As for the levels, it’s pretty simple. I’ll buy down to 100 and that level will be my first assessment point if it breaks. At that point I may decide to continue with the trade, reduce it or get out altogether. Right now, I’m looking to risk maybe 1.5-2% on buying down to there. I’m looking at small entries down into the low 20′- 00’s of the big figures down to 100, and I may start from 106. I may also trade those levels on a short-term basis, taking profit and leaving some in the long-term pot. I’ll even be happy to short-term trade shorts, if that’s what I feel at any particular time. I can trade S/T and L/T even if the trades are opposite. As said above, I won’t be rigid so each trade will be decided at the time based on my view of things at that time.
As 100 is an assessment point, I won’t have a firm stop level. I’ll have a rough idea of a stop but it will develop over time and as the trade progresses and risk increases. What I will have is a disaster stop, which is one where if something big happens, I’ll have some protection in place. Initially this might be a couple of hundred pips under 100. That will potentially increase my risk (depending on how much of a position I’ve built up) but it gives me some coverage in case of anything big untoward happening. You’ll also notice that I haven’t even touched on profit levels. I never really look at profit levels when I’m building a L/T position because I’m more concerned about my risk rather than reward. What I do for profit levels is plot areas on the chart where the price might do something (hold or break), treating them with the same respect as I do my entry levels.
Technically, there’s some decent L/T support still down around 104/105 but it does look a bit ‘gappy’ under there (hence why I may play shorts on a shorter-term basis). 100 is always a big psychological level and I suspect we’ll hear about barriers and the like if we get close. Under 100 and things will look very dodgy.
Update: 11 November 2020:
As plenty of events have progressed since I wrote the post above, I thought it time to add an update.
We’re pretty much over the US election hump and while there’s still lots going on before Biden takes the hot seat in full, the expected “blue wave” move has either not been as big as expected, or it’s waiting until Biden has the reins properly. The stimulus questions are still there, i.e what are the two political houses going to look like, and thus how any future stimulus deals are going to be fought over? We also need to see what the nature of any new stimulus measures are going to be. Depending on the virus, they could be more virus band-aids than economic boosting programs. The difference between the two is stark for markets, so is very important for us. For me and my trades, I want economic boosting packages, not band-aids, because those tend to boost USD via factors like growth and inflation, and then central bank expectations.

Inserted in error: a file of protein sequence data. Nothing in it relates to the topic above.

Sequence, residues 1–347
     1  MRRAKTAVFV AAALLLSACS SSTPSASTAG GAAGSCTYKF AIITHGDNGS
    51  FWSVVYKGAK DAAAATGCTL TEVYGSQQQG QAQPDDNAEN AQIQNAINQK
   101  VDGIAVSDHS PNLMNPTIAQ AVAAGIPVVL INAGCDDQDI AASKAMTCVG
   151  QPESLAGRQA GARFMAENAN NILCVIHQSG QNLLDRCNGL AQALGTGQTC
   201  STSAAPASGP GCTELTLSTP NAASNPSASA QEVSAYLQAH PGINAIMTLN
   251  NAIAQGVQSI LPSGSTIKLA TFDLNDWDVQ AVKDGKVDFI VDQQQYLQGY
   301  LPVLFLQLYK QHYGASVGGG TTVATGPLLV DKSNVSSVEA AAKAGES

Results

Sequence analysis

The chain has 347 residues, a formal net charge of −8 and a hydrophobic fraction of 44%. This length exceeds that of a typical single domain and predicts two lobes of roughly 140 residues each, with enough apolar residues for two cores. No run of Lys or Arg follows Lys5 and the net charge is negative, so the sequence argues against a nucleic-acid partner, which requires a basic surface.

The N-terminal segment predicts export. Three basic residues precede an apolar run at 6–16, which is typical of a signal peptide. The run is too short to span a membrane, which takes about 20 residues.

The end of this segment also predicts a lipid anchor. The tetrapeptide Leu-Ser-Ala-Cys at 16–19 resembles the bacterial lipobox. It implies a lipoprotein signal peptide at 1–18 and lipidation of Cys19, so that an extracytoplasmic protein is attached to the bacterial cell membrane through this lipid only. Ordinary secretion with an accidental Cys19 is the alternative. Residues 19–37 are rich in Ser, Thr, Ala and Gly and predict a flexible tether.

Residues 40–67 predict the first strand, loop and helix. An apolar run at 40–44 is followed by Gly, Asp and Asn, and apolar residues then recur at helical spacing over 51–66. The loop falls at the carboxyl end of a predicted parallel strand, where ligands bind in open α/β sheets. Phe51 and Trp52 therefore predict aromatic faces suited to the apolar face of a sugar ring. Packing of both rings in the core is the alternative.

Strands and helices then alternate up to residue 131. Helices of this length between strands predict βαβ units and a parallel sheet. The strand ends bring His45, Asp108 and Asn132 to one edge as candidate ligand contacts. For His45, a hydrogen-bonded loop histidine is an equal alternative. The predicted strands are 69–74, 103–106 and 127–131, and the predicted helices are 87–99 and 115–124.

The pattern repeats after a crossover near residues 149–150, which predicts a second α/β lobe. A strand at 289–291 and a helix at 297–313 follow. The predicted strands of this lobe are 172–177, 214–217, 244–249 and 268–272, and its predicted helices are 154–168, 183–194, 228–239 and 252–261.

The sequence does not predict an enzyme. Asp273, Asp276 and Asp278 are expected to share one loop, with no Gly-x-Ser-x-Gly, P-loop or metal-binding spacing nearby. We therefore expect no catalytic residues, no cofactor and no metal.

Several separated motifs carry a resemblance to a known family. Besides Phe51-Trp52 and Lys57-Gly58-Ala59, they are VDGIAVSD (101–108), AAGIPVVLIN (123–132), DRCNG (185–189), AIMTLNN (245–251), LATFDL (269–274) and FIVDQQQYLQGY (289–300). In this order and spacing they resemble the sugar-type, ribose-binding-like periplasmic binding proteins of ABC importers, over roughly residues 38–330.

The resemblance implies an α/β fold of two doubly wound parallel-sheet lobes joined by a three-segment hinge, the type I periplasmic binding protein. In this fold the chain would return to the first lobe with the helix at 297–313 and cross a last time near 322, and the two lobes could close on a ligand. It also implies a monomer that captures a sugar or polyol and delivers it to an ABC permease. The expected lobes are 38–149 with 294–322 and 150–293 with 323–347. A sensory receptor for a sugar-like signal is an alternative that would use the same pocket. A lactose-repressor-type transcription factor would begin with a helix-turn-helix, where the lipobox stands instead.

We’ve also just had a big bundle of positive vaccine news from Pfizer and others about possible high percentages of effectiveness against the virus. That has offered us a snapshot of what markets may do once a vaccine is rolled out widely around the world. We had a big risk jump, which then morphed into a bit of a US positive jump. That’s been a nice indication for me because if it does play out that way in 2021, my trade should start moving the right way more significantly as some of the puzzle pieces fall into place (econ recovery, inflation etc). That’s for many months ahead and governments and CB’s still have to deal with the virus now, so there may be turbulent times ahead still.
For my trade in general, I’ve added all the way down so far in USDJPY but admit to being a bit greedy in trying for a low 103 entry rather than adding through 103. That puts my lowest entry now at 104.07.